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©1999 - 2012
Edward D. Reuss
All rights reserved. Including the right of reproduction in whole or part in any form

 

A PHILADELPHIA 9-11 EXPERIENCE

Martin Connors writes:

 Dear Sir,

 Below is my 9-11-01 experience. I had written it mostly because of the strength that my six year old son had renewed that night following that terrible morning. I had sent it to the Grand Lodge of the Fraternal Order of Police along with the poem She Still Stands.  My family and friends have urged me to share these words my brothers and sisters on the job. Please should you find it appropriate for any memorial site or publication, please share it with those of the NY Cop.  Philadelphia officers, such as myself, care deeply for our brothers and sisters; because when it comes down to it -- only a cop can depend on a cop.

Timothy's Story


  I am a Philadelphia Police Officer.  I am married with a wonderful son.  On September 11th, I (like most of my fellow Americans) witnessed the senseless slaughter of human life. The department was put on high alert and our tours of duty were extended. With the exception of a scant five minutes to change my uniform of the day, I did not see my wife and son until later that evening.

  My squad was deployed to the hotels near the Philadelphia International Airport. In each and every hotel we checked we saw the faces of travelers, many of them American, change from distraught to a significance of hope.

  People walked up to us and thanked us for being there. We were just doing our job. We were asked our feelings for fallen brothers and sisters in New York.  I could only respond that it was horrible, seeing no need to raise their already heightened anxiety.

  I felt the pulse of the true America was still beating.

  When I returned home, I kissed my wife and hugged her. I went upstairs to kiss my son who should have been already asleep.  Being the son of a Philadelphia police officer myself, I could not be angry with my six-year-old for waiting up and feigning sleep for my return. I too had done the same during the turbulence of the late sixties and early seventies.

  My son, Timothy, sat up in his bed, and asked me, "Did you and your partners catch the bad guys that hurt those people with the bomb and airplanes?"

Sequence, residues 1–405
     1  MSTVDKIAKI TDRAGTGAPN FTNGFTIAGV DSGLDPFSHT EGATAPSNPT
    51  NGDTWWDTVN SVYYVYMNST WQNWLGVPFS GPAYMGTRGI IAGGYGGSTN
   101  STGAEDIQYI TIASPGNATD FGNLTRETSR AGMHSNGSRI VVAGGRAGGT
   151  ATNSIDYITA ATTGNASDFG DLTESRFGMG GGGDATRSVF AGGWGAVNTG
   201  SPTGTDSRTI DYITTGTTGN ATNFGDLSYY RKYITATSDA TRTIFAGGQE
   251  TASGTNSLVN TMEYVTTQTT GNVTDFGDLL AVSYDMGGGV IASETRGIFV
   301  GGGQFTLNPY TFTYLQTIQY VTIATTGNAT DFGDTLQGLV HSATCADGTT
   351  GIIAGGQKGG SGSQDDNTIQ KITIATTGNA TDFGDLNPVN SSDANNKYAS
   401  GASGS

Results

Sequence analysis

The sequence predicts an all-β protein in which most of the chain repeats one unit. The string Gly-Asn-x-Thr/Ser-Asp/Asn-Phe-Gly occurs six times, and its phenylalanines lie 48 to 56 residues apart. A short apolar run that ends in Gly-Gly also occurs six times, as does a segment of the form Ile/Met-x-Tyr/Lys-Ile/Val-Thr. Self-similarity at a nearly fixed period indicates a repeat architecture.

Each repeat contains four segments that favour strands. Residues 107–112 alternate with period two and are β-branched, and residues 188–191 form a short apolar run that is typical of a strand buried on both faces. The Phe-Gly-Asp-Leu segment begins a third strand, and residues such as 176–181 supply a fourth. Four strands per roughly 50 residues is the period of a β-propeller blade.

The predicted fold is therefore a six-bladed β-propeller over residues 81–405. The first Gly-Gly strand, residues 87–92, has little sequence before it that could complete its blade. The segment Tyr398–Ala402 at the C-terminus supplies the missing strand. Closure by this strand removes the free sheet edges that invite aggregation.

"No," I said.  I choked back a sob.  "We didn't. Not today."

  Timothy leaned closer to me. For the first time in my son's life, he was witnessing me crying. He held my face.

  "Don't cry daddy." He put on a brave face. "All those police and firefighters that died when the buildings fell on them will be replaced by their sons."

  I began to cry heavier.  My son just held me and said, "It's gonna be OK."

  My six-year-old, perhaps oblivious to the true magnitude of the tragedy, was comforting me with his simple wisdom. I only pray my son will not take up my choice of career, and find his own path because he had shown me that night that he has the soul of the BRAVEST.  He wants to be a firefighter/detective, in other words, a fire marshal.

  My only regret is that I am duty bound to Philadelphia, and wish to have been there to at least bring our brothers and sisters out to let them rest in peace.


  She Still Stands

  From her island sanctuary
  She stood glorious in the sun,
  As clouds billowed softly by,
  I saw Liberty; her torch raised to the sky

  From the sky flew the demons from the east,
  By blade, capturing the wings of the eagles flight,
  Four riders stormed down delivering death,
  Laying siege on her fortress of democracy

  The towers destroyed and the keep damaged,
  Countless souls delivered into Godís hand,
  The devilís seed had been sowed
  An unholy bounty reaped

  Fire, soot, and ash rained down to the street below,
  Onto The Knights of Saint Michael and Saint Florian,
  Burying those who try to save
  Life pushed to the limit never thought to be undone

  From her island sanctuary she stood immobile,
  As clouds of smoke, ash, and soot billowed
  Devastation recognized and dealt
  I saw that Liberty still stood

  Her sons shall raise their swords
  To vanquish the evil back into the night
  Her torch shall never grow dim
  It will always be raised to the sky

  Martin Connors
  Philadelphia Police
  12th District
  Philadelphia, PA
  9-12-01

 

About the author:
Full Name: Martin Connors
Department: Philadelphia Police Department
Assigned: 12th Police District

I have been a Philadelphia Police Officer since 12-15-97.  I have been assigned to the 12th District since 6-10-98.  I am married, and have a son, Timothy, 6 years old who wants to be a Fire Marshall, so that he can "save people and figure out how the fire started."  I am the son of a Philadelphia Police Officer, who is a native New Yorker.  I have cousins Stantens and O'Leary's who are both Police and Fire. My personal claim to fame is that in my rookie year, I delivered a baby in the back of my RPC on the street.


Copyright © 2002 Edward D. Reuss

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